Congratulations to the following students who received awards at the 28th Annual Whiting School of Engineering Convocation Awards Ceremony on Monday,…More
Check these “quick reference” pages for help on the Top 12 items important to undergrad students. Links to websites are blue.
What else would you like to see here? What questions do you and your classmates ask often? Send your ideas to co-webmaster Mike Bernard.
Our faculty welcomes undergraduate student participation in research, which greatly enhances your educational experience beyond coursework. Opportunities are available during the academic semesters, intersession, and summer through independent study and research courses or through paid research positions.
To find Undergraduate Research opportunities in Mechanical Engineering, contact the faculty directly to ask.
The Undergraduate Academic Advising Manual describes undergraduate research opportunities.
The department receives information on all kinds of Research Experiences for Undergrads (REUs) and Summer Research opportunities from universities all over the United States and beyond. Watch your e-mail for those opportunities.
MUSC, the Mechanical Engineering Undergraduate Student Council enables communications between undergraduate students and the faculty.
MUSC meets several times a year to discuss issues such as the way courses are taught, availability of courses, advising, and department support.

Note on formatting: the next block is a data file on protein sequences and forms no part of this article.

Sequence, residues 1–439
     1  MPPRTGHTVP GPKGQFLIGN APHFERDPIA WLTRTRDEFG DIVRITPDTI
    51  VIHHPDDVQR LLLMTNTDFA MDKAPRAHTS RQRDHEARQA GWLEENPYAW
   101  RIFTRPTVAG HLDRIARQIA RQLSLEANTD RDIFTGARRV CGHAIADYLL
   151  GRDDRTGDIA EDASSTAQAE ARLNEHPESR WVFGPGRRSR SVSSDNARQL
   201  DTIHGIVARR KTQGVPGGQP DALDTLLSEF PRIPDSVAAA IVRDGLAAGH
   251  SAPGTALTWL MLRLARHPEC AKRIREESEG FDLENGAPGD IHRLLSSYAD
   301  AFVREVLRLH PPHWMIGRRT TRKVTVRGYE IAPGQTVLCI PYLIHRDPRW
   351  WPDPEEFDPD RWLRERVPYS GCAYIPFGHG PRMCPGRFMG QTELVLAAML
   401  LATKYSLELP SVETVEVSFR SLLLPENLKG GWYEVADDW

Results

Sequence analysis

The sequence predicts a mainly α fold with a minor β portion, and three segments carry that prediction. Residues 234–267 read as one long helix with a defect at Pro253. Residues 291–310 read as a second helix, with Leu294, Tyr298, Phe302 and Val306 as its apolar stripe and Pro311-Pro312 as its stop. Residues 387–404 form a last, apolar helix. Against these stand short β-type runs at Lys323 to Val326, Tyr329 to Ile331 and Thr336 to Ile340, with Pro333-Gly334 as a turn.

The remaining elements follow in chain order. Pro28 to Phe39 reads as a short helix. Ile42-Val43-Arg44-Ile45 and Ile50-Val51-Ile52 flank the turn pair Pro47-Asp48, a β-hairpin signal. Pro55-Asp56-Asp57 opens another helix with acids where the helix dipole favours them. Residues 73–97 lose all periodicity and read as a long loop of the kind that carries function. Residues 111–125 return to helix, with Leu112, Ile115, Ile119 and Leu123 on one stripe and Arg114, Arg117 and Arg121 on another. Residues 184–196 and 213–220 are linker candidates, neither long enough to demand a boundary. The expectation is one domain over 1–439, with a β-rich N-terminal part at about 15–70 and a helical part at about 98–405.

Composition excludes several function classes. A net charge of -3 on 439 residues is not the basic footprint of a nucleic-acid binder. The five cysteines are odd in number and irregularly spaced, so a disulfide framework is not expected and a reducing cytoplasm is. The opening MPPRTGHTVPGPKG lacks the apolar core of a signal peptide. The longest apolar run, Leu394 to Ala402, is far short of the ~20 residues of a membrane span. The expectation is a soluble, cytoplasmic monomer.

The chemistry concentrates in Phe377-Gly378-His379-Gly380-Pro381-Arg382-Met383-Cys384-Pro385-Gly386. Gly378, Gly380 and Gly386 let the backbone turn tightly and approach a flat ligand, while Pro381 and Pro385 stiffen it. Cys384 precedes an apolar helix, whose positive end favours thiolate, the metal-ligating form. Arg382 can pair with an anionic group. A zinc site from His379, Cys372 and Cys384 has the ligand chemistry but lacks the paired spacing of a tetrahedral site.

Two student representatives from each class are elected by their colleagues during the Fall semester. The minutes from MUSC meetings are distributed to faculty, and the issues presented by the students are brought up for discussion and action at faculty meetings.
MUSC welcomes your thoughts, ideas, and concerns. Contact MUSC by e-mail.
Students can work right on campus! There are all kinds of paid jobs all over campus, some engineering, many administrative, and all rewarding and fun.
Students have all kinds of questions about how to prepare for life after college.
“Is my major the right one for me?”
“How can I maximize my summer experience through internships?”
“What do I want to do after graduation?”
“Should I go to graduate school?”
Occasionally, students may feel overwhelmed by the rigors of education, especially if coupled with outside stresses like health and family concerns. Johns Hopkins offers a host of resources where you can ask for and receive help.
If you need someone to listen, you can talk to your faculty advisor and Academic Program Manager Mike Bernard. Sometimes, venting to someone may be all you need.
Other times, though, you may want to talk to someone who is trained to help people in distress. View these pages for information and hours:
That big day at the end of a student’s four years at Johns Hopkins culminates in the celebrations of graduation and commencement.
Timeline to Graduation